Vietnam Needs More High Quality Jobs

May 10, 2013

Axel van Trotsenburg Viet Nam News

First published in Viet Nam News on Thursday, May 9, 2013.

Over the last two decades, millions of Vietnamese have escaped poverty through better employment thanks to a dynamic, growing and vibrant economy. Since the early nineties, the proportion of Vietnamese people living in extreme poverty at less than US$1.10 per day (roughly VND 23,000 in current prices), has dropped from 58 percent to less than 10 percent in 2010.

At the recent World Bank - IMF Spring Meetings, global leaders committed to a target of reducing extreme poverty globally to 3 percent by 2030. Vietnam is well on track to reach that target early and go even further. To accomplish this, Vietnam faces the challenge of accelerating poverty reduction especially in hard to reach areas that include ethnic minorities.

The fact is Vietnam needs more jobs, and higher quality jobs to help reduce poverty. The problem is growing as more young Vietnamese enter the job market every year.  Almost 10 million more people joined the labor force in the decade ending in 2011. According to the latest official estimates, nearly one million Vietnamese are unemployed and over one million are underemployed. Vietnam will need to create roughly 1 million jobs per year, a challenging prospect at a time when the growth rate is slowing.

Vietnamese youth between the ages of 15 and 24 years-old, are particularly hard hit, accounting for nearly half of all unemployed.  Vietnam faces the challenge of meeting the younger generation’s aspirations by delivering quality jobs in the right sectors to spur rapid, inclusive and sustainable development and to begin to reverse growing inequality.

The challenge is especially visible in rural and mountainous Vietnam where too many are working in agriculture that is inefficient and barely yields a living wage.  The recent economic slowdown has pushed many others into low-income, vulnerable, informal sector employment. Earnings are low and irregular, making it increasingly difficult for families to support themselves.

Part of the challenge is the competitive external environment. Vietnam is going head-to-head with countries that export highly competitive goods and like its competitors it faces difficult structural reforms. Making state enterprises more efficient and providing support to the private sector with the right incentives to nurture small and medium enterprises is critical. The challenge is to create a highly efficient public sector by removing bureaucratic constraints, complemented by a dynamic private sector to maximize job creation. .  Special attention is needed for small and medium enterprises and ensuring they have access to finance so they can create jobs.  Policies to modernize and increase value added in agriculture will increase rural incomes.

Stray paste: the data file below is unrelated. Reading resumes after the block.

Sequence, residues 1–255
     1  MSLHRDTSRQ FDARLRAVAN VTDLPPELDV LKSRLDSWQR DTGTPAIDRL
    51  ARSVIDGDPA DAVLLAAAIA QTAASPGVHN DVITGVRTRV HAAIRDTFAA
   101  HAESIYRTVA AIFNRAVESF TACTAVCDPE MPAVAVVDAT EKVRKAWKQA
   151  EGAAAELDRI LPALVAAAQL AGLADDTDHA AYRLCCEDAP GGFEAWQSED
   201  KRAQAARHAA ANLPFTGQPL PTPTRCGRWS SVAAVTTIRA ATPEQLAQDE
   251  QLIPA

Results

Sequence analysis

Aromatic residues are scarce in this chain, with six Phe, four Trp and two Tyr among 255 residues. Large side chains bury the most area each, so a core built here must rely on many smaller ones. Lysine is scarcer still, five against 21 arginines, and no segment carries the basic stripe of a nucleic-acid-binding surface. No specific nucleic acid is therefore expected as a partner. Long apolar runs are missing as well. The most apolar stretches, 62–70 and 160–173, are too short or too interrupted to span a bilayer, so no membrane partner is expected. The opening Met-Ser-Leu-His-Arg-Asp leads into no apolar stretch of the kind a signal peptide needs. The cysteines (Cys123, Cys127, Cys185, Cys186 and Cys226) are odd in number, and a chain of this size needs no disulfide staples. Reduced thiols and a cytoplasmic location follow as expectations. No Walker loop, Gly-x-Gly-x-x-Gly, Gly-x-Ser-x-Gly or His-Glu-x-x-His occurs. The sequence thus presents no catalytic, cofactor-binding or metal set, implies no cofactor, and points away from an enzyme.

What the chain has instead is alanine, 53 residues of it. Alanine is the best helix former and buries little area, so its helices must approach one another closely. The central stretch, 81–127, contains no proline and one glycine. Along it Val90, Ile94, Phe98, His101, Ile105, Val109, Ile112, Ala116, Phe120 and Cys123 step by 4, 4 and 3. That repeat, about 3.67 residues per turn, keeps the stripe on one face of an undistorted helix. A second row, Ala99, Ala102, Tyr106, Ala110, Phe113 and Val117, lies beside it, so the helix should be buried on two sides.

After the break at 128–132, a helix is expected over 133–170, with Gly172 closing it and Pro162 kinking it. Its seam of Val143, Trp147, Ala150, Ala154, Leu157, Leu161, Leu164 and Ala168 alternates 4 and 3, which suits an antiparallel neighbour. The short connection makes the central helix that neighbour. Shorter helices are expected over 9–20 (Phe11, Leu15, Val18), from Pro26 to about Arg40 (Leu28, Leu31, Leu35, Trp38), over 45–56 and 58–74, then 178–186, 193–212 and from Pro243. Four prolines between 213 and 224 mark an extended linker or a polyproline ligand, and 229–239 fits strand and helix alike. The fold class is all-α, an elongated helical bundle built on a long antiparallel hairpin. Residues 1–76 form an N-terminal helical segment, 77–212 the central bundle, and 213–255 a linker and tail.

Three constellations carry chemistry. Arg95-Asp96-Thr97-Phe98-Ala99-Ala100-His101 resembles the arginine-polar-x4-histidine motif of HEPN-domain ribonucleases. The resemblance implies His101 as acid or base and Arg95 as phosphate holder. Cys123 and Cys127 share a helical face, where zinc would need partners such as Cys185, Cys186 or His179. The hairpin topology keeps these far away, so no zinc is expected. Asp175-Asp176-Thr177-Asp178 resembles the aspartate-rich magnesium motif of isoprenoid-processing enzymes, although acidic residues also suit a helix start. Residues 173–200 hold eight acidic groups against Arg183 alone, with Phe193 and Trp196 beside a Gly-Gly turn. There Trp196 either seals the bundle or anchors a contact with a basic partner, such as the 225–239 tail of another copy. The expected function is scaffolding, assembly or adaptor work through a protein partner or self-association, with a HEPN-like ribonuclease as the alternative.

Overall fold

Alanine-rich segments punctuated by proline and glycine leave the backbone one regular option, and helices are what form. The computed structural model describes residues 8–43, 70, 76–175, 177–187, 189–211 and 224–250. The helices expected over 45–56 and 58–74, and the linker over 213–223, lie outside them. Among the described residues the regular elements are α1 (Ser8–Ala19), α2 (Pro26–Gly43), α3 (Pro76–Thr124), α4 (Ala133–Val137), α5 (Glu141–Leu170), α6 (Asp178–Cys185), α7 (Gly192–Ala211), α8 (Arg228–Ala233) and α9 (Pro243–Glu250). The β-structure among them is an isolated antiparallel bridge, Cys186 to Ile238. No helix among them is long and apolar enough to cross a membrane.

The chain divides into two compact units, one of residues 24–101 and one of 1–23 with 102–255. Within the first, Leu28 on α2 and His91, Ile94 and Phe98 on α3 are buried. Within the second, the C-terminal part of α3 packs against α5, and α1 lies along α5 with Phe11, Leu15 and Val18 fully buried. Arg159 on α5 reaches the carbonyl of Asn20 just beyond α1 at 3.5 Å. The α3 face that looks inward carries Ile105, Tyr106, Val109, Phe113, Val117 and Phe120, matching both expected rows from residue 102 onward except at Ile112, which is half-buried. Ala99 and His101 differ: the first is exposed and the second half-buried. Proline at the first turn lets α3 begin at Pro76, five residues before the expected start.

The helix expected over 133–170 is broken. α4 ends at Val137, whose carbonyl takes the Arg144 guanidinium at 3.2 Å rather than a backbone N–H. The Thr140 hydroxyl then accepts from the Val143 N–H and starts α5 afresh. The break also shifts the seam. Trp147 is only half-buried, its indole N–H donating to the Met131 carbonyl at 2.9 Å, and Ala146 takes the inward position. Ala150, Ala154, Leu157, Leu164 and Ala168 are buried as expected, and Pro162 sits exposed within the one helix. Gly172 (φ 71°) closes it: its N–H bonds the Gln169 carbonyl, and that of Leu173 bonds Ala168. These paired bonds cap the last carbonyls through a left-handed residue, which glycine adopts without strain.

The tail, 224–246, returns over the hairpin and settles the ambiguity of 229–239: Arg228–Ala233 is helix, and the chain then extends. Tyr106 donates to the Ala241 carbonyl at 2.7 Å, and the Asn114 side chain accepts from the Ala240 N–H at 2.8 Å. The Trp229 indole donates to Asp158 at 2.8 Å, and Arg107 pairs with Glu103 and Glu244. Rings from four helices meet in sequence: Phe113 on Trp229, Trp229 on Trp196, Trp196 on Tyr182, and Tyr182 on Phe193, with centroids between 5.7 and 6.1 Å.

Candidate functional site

In countries all over the world, financial sector reforms are being undertaken and Vietnam would also benefit from re-thinking efficiency, transparency and other measures to boost confidence in the financial markets.

To help prepare Vietnam for this future, reforms from early childhood education through higher education are important along with building a culture of life-long learning.  In that context, the right skills matter. New World Bank research on skills in Vietnam shows that employers are looking not only for technical skills, but also cognitive skills like critical thinking and problem solving, and behavioral skills, like reliability and team work and communication skills.

 The government has policy levers it can use to meet the challenge including increasing public funds for science, mathematics, and engineering and research and development. At the same time it needs to focus on making sure funds are better allocated; further targeting public spending for scholarships and loans, especially for the poor and ethnic minorities; and encouraging selected university-industry linkages to improve the relevance of the curriculum and support entrepreneurship.

The challenge of creating more, higher quality jobs is not only a challenge for the government, but a call for all Vietnamese people to come together around this agenda for the next generation.

Axel van Trotsenburg is the World Bank Vice President for the East Asia and Pacific region.


MPI/GSO, “Report on Labor Force Survey – Quarter 4, 2012”